centralization. To be sure, a further move to even more intensive review - a move from the position of the Lopez majority
opinion to say, Justice Thomas' concurring position n20 - might begin to effect real decentralization. But that is just to say that
centralization, as a function of increasingly stringent Commerce Clause review, might not be continuously decreasing, but
rather might
display an inverted U-shape .¶ [*1330] This inverted U-shape arises if and when the doctrines the
courts use at the intermediate intensities of review allow Congress to enact otherwise-unconstitutional
policies by broadening their scope or by bundling them together with valid policies. The proponent of
Commerce Clause review assumes that if Congress enacts policy P and the courts strike it down ,
then the decision has increased decentralization or, equivalently, prevented a new centralization. But if the courts' rules allow or
encourage Congress to enact P so long as P is broadened to include some admittedly constitutional policy Q, or is bundled together
with policy Q, then the result of striking down P may not be to remit the decision about P to the states. It may simply be to produce a
federal statute that mandates both P and Q, either because Congress reenacts the invalidated statute in its new, more expansive
form, or because Congress anticipates the effect of the judicial rule and enacts the expansive form of the statute in the first
instance.¶ Current doctrine under the Commerce Clause has just this effect of encouraging the broadening
and bundling of federal policies. Two doctrines are critical: the aggregation principle and the comprehensive-scheme
principle. Aggregation is familiar. The Court has said since Wickard v. Filburn n21 that the substantial-effects
test should be applied, not to some particular instance of a regulated intrastate activity, but to the
class of all such instances taken in the aggregate . n22 Morrison added that aggregation has only
been allowed (and presumably will only be allowed) for intrastate activities that are themselves
economic or commercial. n23 It is clear that the aggregation principle "conditions the Commerce Clause power to
accomplish a certain goal on Congress legislating far more broadly than necessary," as John Nagle puts it, because the effect of the
principle is that "if Congress gathers enough substantial impacts into the covered class, the trivial impacts can be regulated, too."
n24¶ The comprehensive-scheme principle has a similar consequence. This principle holds that the regulation of some activity that
Congress could not reach standing alone, because the activity occurs intrastate and lacks a substantial effect on commerce in its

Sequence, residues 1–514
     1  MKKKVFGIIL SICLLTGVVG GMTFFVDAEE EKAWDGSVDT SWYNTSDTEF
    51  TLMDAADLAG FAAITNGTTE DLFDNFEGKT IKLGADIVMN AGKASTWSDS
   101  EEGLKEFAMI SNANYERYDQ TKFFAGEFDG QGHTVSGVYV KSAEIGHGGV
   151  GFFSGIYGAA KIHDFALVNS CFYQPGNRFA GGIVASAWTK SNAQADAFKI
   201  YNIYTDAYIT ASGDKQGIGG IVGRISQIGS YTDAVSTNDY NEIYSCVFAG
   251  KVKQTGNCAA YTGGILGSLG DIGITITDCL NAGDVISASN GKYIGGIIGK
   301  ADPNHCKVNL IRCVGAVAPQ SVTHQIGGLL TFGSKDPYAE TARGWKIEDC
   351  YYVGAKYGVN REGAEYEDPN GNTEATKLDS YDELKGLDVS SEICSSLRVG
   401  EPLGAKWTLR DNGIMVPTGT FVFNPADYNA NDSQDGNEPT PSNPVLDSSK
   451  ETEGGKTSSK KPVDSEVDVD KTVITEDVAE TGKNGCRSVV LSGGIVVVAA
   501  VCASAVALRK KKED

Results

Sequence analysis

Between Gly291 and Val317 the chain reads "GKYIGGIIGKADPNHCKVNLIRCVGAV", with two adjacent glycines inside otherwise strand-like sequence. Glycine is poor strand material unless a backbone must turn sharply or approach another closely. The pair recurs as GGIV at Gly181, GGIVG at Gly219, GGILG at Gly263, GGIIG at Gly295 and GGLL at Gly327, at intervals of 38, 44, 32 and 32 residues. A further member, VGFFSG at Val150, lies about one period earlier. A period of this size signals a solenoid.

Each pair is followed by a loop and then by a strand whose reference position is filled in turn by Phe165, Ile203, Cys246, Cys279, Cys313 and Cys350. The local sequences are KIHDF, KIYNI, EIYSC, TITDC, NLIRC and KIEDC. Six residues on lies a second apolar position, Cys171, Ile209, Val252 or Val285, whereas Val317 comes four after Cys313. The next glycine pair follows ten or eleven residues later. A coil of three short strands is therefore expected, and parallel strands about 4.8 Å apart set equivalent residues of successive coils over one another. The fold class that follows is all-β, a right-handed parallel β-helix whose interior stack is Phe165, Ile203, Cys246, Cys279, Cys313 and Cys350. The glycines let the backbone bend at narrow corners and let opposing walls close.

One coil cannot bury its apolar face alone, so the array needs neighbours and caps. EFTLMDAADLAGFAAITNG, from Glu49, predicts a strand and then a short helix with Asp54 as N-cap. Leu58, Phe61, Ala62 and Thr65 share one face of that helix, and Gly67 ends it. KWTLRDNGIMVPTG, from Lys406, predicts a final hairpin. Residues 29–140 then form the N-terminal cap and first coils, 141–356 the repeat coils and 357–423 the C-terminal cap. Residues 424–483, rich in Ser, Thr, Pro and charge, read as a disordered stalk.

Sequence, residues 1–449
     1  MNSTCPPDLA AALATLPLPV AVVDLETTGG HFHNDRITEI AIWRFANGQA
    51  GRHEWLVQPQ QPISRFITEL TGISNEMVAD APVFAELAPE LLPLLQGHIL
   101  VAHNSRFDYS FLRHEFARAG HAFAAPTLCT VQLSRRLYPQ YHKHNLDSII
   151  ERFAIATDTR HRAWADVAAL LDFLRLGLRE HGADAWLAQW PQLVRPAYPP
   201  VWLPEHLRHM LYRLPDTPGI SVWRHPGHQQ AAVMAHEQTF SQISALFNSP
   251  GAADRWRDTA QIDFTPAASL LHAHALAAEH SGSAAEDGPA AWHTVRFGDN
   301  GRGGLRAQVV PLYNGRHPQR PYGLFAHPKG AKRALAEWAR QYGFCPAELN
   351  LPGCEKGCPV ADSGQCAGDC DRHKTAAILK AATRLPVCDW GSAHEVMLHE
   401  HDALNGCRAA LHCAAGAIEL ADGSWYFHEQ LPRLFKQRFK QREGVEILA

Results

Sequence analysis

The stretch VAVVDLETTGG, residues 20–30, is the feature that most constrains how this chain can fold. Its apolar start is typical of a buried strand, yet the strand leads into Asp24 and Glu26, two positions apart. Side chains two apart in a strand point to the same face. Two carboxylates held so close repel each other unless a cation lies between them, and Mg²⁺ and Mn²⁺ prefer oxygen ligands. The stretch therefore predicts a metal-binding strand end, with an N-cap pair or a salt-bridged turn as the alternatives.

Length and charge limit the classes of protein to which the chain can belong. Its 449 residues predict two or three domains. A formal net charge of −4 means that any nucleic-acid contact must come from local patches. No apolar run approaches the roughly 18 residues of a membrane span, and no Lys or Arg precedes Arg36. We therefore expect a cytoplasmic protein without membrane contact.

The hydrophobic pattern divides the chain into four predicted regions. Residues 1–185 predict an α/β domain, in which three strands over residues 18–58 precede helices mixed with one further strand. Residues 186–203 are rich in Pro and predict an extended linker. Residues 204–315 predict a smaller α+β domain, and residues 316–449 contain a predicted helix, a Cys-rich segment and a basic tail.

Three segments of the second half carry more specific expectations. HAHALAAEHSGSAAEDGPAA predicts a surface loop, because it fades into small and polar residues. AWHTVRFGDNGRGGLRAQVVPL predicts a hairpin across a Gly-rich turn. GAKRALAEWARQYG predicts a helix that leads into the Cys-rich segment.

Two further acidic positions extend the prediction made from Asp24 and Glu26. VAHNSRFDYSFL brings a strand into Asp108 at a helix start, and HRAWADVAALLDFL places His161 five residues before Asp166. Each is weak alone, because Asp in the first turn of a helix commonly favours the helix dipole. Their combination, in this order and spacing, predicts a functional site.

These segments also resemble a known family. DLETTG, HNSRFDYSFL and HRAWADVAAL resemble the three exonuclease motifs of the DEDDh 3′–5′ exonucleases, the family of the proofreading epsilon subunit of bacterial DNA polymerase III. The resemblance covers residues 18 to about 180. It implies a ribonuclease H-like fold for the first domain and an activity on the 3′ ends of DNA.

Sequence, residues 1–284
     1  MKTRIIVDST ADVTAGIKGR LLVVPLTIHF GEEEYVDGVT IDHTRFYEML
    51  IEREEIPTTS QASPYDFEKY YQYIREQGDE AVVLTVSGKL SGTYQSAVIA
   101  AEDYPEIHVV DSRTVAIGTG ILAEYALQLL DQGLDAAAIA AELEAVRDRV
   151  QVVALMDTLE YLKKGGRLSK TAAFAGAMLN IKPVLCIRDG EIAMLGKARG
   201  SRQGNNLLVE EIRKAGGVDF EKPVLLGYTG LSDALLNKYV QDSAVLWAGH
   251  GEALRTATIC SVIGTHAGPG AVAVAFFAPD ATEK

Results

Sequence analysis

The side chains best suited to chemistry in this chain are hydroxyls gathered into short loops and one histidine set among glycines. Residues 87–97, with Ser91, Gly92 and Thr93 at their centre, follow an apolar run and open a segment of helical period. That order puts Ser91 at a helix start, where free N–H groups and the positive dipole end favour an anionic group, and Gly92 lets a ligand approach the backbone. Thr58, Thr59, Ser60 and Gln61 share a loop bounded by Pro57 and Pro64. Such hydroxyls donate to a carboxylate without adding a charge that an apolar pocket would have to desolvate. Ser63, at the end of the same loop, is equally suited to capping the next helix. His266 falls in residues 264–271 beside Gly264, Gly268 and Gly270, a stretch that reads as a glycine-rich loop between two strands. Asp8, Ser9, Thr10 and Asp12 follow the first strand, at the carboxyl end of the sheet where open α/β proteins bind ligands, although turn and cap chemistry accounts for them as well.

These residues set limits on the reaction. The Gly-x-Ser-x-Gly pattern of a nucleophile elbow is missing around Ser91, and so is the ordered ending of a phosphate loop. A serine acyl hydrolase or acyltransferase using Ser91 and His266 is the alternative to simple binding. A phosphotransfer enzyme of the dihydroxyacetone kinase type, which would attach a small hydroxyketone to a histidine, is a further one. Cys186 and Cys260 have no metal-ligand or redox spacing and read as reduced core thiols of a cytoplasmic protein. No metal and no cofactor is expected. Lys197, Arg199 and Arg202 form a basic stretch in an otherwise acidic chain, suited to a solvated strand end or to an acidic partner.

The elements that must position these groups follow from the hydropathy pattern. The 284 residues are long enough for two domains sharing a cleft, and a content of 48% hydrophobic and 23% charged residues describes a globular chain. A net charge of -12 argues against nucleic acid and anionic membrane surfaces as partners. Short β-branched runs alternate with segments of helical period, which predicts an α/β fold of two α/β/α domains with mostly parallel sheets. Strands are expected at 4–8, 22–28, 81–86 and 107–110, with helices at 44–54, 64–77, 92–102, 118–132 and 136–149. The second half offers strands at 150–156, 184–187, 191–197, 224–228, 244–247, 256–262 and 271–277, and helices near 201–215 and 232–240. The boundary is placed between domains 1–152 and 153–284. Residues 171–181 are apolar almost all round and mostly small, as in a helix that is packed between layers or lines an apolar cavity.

own right, may nonetheless be constitutionally permissible if the regulation of that activity is essential or integral to the maintenance
of a larger regulatory regime governing interstate activity or commercial activity or both. This idea is at least as old as [*1331] the
Shreveport Rate Cases, n25 but it takes center stage in Hodel v. Indiana, n26 which stated that challenged provisions not valid in
themselves will be upheld if they are "an integral part of [a] regulatory program" that is valid when taken as a whole. n27 And the
idea surfaces in Lopez itself in a critical passage that has gone largely unnoticed by commentators. The Gun-Free School Zones
Act, the Court said:¶ ¶ is not an essential part of a larger regulation of economic activity, in which the regulatory scheme could be
undercut unless the intrastate activity were regulated. It cannot, therefore, be sustained under our cases upholding regulations of
activities that arise out of or are connected with a commercial transaction, which viewed in the aggregate, substantially affects
interstate commerce. n28¶ ¶ The lower courts, however, did notice this passage, and they have frequently invoked the quoted
passage from Lopez, both before and after Morrison. n29 I'll give some examples below of cases that uphold statutes very much like
the statute struck down in Lopez, merely because those statutes were packaged along with a larger national regulatory scheme. But
bundling provisions can ensure the
validity of all of them. The decision is Gibbs v. Babbitt , n30 in which the Fourth Circuit upheld federal regulations
that limited the killing of endangered red wolves on private land in North Carolina.¶ Lopez and Morrison announced that
the commerce power authorizes congressional regulation of: (1) the channels of interstate